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Friday, May 29, 2009

Some lessons on engaging the public and moving on open government

You might recall I didn't think much of the process that led to the Federal Government's Freedom of Information Reform Exposure Draft- 130 pages of amendments to legislation- plonking onto the table in March. The Draft is now being reconsidered in the light of (41 non-confidential) submissions from the public. This from a post a week after its release, with emphasis on the point I'm making:
"To the outsider, the bulk of available time to date on FOI reform appears to have been spent by Minister Faulkner, his office and the public service engaging in a 16 month, largely private internal seminar on drafting legislation to enable the Government to tick the box on another election commitment. It could have been different if there had been a serious attempt to reach out to engage the community on the subject of government transparency and accountability, not now after 16 months, but way back when minds first turned to the subject.That didn't occur. Overall, however its way better than what was on offer-nothing- from the last lot."
I'm not suggesting we start again, but it is interesting to see the White House Open Government Dialogue which led to 900 submissions and 33,000 votes in a week of public brainstorming on ideas ranging from strategies for making government data more accessible to legal and policy impediments to transparency.The next phase, public discussion of the ideas, starts 3 June. The process was not without its critics- OMB Watch for example- but they also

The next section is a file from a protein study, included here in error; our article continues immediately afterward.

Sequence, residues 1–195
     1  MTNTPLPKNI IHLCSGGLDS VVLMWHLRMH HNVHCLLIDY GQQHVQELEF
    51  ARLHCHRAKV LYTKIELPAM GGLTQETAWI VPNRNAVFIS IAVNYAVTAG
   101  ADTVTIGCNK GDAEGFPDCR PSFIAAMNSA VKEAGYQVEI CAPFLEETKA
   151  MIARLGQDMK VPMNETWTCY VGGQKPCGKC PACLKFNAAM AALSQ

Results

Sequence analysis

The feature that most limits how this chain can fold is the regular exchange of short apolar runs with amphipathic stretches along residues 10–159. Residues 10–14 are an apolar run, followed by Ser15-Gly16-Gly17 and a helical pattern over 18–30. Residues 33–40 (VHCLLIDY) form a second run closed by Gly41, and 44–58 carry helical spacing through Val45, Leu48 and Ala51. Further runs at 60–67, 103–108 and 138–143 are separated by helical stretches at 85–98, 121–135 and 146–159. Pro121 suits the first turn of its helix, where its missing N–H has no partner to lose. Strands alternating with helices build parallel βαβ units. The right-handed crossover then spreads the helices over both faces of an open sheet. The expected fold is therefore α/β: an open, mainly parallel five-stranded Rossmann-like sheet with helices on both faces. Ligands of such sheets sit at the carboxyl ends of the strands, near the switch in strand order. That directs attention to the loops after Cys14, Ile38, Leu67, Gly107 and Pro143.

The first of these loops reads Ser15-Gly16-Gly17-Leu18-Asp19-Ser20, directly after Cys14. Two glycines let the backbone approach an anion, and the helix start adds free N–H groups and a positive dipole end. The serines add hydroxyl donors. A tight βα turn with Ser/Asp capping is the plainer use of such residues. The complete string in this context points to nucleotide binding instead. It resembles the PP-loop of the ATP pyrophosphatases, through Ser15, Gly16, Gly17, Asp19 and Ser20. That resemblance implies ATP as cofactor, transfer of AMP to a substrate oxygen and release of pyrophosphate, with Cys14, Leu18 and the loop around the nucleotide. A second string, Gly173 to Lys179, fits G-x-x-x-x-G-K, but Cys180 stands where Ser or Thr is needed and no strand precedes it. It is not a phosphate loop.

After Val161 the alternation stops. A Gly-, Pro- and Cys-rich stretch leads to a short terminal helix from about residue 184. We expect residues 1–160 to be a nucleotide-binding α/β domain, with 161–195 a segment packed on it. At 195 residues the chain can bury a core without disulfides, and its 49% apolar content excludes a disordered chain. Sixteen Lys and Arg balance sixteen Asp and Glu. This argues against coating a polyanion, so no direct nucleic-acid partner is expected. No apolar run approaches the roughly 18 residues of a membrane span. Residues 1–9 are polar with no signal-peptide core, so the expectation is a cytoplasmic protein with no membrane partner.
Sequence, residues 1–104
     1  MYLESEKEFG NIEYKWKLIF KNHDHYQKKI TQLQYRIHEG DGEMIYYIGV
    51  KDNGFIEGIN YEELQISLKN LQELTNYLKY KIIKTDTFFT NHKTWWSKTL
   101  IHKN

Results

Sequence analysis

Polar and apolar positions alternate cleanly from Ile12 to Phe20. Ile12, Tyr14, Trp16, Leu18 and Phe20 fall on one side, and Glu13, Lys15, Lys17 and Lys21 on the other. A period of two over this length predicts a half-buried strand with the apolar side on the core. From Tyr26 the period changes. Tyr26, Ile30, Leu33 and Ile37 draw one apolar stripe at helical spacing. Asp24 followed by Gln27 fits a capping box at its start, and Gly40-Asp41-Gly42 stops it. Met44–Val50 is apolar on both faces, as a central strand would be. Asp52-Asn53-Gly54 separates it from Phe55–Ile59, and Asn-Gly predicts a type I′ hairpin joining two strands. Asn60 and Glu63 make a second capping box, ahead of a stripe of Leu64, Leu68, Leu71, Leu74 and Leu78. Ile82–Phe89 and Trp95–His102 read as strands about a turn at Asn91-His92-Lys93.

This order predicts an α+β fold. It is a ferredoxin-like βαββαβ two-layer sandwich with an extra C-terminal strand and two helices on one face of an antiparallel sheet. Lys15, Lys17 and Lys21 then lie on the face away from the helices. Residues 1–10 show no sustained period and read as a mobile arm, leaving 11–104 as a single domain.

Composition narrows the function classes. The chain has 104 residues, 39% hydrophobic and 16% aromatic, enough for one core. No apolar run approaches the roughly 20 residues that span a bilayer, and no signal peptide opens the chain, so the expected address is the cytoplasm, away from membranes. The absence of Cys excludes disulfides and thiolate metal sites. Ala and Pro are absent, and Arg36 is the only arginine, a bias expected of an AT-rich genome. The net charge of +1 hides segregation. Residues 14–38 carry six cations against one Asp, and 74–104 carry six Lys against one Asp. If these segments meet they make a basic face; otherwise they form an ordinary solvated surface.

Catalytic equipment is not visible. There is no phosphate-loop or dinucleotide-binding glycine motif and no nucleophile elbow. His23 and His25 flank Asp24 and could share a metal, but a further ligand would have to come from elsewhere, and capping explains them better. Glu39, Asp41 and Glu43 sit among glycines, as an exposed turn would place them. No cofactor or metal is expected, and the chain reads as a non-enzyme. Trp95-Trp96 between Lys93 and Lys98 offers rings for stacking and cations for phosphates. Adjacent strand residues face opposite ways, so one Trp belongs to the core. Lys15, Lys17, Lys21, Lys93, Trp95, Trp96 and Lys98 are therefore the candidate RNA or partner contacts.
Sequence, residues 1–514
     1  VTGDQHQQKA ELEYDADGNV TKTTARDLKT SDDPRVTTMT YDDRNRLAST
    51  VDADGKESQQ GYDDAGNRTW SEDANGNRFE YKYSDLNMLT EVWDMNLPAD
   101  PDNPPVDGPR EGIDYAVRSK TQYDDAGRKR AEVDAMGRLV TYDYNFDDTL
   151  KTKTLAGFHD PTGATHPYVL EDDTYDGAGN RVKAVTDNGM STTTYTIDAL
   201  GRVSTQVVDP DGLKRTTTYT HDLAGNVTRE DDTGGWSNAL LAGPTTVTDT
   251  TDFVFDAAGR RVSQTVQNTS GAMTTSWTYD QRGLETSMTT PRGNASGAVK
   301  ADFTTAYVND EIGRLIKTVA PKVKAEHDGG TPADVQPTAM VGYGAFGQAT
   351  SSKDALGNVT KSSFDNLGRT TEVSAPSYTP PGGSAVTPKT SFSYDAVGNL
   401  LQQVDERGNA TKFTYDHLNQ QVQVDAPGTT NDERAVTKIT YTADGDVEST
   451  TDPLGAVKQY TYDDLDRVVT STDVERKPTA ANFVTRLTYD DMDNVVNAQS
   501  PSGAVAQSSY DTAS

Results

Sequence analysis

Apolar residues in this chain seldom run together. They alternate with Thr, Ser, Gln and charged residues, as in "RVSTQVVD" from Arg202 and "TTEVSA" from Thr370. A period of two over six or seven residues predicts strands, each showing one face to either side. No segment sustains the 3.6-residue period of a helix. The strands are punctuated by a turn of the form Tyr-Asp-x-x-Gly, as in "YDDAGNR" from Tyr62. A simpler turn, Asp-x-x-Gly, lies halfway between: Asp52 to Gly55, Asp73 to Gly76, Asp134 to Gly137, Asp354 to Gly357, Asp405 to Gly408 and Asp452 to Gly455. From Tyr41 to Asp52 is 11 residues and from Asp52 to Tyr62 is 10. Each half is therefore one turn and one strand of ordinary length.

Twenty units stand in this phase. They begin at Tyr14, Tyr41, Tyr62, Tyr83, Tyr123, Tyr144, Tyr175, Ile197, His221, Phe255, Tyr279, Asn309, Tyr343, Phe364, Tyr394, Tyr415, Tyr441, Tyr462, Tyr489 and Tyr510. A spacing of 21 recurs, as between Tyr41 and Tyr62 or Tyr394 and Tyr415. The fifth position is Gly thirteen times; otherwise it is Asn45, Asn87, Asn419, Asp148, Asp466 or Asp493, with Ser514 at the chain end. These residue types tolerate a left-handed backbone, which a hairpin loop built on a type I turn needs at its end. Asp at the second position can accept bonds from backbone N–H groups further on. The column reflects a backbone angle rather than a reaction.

"give the administration kudos for being innovative and making a real effort to adhere to its commitment to a collaborative and participatory process for open government. There is real potential here that this system may yield new voices and ideas. Noveck (Deputy Chief Technology Officer for Open Government) also states that the brainstorming site will still be running and accepting new submissions through June 19th so this is also positive, but she makes no indication as to how those additional recommendations will be considered, if at all. Further, it is clear that the government is not waiting for these recommendations in order to pursue open government policies. The Innovation Gallery is a clear example of this."
The White House Innovations Gallery "celebrates the innovators and innovations who are championing the President’s vision of more effective and open government."

Our people should be picking up the pace, in similar fashion and on other initiatives such as the US Government economic stimulus website www.recovery.gov, complete with its own Accountability and Transparency page , there because the "President has made it clear that every taxpayer dollar spent on our economic recovery must be subject to unprecedented levels of transparency and accountability."

I'm afraid the Federal Government's equivalent here www.economicstimulusplan.gov.au-which came in for criticism in Senate Estimates this week regarding the appropriateness of some political references on a government agency website- has no sign of anything along these lines and produces this in response to a search:

"No document(s) were found matching the query 'accountability and transparency'

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